Initiate: After doing the step Listen&Learn in the Lost2Life model3, I would encourage you to ask your young adults about their journey with the church, discovering what their experience has been with Adventism generally; Then as you build rapport and trust, invite your young adults to speak candidly about their experience with your local church community. Taking the initiative to have candid, safe conversations where your leadership has a posture of empathy, humility, and receptivity will not only inform your leadership about young adult attitudes, but also begin building bridges of rapport with your local young adults that can lead to great, authentic relationships.
Intergenerate: I know, I just made up a word! But it best reflects this crucial step that is based on fostering intergenerational relationships. As you gain the confidence of your young adults and begin to discover their passions and skill sets, intentionally find ways to involve them in your church ministry. The key here is to partner them with your leadership and adult volunteers who can apprentice them and use their ministry activities as good reason to build friendships and camaraderie with your local young adults. Plug them in where they enjoy serving the church: An area of interest, specialized skill, cause/issue they have passion for. The key here is to build a culture of involvement where generations are not segregated, but rather cross-fertilized as they accomplish ministry goals in the church.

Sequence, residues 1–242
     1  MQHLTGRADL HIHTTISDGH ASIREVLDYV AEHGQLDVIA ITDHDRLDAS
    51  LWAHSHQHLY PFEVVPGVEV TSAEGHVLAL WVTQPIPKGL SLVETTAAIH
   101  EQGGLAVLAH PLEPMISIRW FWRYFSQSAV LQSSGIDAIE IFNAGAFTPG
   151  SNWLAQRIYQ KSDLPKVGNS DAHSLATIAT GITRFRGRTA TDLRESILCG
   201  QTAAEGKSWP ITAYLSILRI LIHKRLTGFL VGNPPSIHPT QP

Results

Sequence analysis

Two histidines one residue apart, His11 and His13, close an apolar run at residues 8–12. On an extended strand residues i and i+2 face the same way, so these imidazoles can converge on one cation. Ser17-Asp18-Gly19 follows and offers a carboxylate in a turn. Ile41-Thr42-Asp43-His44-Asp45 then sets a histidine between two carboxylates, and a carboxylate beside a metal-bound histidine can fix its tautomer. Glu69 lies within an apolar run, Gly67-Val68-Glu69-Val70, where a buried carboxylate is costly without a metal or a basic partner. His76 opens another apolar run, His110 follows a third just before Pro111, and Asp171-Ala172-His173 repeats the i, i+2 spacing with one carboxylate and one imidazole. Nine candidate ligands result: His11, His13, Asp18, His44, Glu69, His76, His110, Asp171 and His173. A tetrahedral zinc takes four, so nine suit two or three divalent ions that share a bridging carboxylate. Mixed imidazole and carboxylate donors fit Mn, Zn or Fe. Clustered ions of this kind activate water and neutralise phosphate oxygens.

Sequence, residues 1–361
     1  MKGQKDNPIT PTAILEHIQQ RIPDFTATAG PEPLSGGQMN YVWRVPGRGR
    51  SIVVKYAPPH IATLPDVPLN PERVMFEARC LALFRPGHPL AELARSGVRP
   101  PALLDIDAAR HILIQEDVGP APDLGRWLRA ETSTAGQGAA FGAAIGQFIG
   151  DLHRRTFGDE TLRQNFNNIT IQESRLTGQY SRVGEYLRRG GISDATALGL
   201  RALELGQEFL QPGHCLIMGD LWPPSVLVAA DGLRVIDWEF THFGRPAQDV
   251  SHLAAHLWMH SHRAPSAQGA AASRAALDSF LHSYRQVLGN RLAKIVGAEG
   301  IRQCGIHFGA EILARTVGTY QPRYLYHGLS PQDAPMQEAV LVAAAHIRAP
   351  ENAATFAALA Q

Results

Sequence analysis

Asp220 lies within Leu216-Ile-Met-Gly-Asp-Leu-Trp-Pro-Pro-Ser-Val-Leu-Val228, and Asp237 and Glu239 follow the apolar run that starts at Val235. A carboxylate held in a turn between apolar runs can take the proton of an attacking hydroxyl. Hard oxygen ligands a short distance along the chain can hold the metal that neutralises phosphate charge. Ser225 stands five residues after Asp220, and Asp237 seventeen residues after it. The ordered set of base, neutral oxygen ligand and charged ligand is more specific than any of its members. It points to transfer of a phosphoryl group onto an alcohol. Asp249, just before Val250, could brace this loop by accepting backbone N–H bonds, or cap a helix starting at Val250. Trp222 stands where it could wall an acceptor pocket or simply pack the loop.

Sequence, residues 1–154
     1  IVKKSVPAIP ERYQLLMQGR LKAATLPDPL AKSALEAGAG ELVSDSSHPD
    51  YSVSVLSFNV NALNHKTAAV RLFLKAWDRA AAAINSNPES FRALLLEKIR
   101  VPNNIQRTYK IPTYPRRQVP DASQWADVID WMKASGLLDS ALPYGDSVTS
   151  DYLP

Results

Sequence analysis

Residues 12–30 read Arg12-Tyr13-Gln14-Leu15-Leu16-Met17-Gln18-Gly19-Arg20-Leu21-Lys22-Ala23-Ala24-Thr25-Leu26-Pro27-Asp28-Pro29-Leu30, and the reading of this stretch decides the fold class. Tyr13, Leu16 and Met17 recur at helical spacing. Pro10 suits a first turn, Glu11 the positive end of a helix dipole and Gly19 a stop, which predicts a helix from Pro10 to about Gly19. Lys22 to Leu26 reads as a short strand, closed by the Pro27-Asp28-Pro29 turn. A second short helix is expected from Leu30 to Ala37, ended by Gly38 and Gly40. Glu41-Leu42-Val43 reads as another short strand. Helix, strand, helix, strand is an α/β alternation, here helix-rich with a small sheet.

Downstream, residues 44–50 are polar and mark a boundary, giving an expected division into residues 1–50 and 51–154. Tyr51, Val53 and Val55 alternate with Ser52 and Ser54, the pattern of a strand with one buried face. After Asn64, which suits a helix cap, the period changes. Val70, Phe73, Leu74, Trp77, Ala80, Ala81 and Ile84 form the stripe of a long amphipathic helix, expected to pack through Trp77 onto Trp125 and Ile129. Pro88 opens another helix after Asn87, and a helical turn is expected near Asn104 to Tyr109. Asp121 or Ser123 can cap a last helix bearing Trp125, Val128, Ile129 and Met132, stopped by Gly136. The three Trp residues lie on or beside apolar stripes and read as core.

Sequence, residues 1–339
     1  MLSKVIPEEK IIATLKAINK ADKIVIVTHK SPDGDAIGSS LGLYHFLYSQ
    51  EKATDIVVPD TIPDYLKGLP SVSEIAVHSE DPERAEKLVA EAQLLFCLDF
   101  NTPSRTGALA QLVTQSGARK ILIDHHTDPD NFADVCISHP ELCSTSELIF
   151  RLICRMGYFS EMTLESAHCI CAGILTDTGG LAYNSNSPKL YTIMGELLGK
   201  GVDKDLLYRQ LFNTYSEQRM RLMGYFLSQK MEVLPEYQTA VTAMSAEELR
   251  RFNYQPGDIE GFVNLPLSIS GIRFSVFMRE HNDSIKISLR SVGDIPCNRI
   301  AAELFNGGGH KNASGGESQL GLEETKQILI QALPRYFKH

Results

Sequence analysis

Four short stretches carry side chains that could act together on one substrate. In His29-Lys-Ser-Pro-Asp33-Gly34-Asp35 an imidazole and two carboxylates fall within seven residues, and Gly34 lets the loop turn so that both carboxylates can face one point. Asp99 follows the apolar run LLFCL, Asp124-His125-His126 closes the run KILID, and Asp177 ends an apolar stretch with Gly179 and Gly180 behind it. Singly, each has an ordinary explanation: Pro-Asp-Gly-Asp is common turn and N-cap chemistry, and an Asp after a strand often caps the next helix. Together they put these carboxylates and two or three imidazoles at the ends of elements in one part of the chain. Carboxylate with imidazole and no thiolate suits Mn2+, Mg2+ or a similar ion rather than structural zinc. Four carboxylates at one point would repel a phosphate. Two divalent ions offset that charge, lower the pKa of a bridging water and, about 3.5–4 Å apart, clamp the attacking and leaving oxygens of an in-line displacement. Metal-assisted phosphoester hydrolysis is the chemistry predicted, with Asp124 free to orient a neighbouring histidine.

If your leadership will take the time to initiate and intergenerate with your young adults, you can spark productive and meaningful relationships that will impress all generations of the good the church can do.
Next episode, we’ll give some attention to what the research reveals as Millennial negative attitudes towards the church, and take a look at next steps to consider4.
A. Allan Martin, PhD is the teaching pastor of Younger Generation Church [], the vibrant young adult ministry of the Arlington Seventh-day Adventist Church in Texas 
1Barna Group, a Christian research firm, is the world leader in understanding Christians, attitudes toward Christianity and Christian organizations, and spiritual perspectives in general. They surveyed Millennials who were (or had been) part of an Adventist congregation in order to understand their common experiences and attitudes. The survey was followed by multiple, moderated online discussions with Adventists and former Adventist young adults.
2 Jenkin, C., & Martin, A. A. (2014, May). Engaging Adventist Millennials: A church that embraces relationships. Ministry, 86(5), 6-9.
3Let me suggest a step by step matrix for developing your young adult ministry. LOST2LIFE offers steps to follow in progression as you consider starting or sharpening your ministry to Millennials. Download free
4Provocative parallels can be found in the emphasis on intergenerational church relationships noted in the Adventist Millennial Research and the work of Dr. Roger Dudley, professor emeritus at Andrews University, whose study of youth and young adults spanned over four decades. See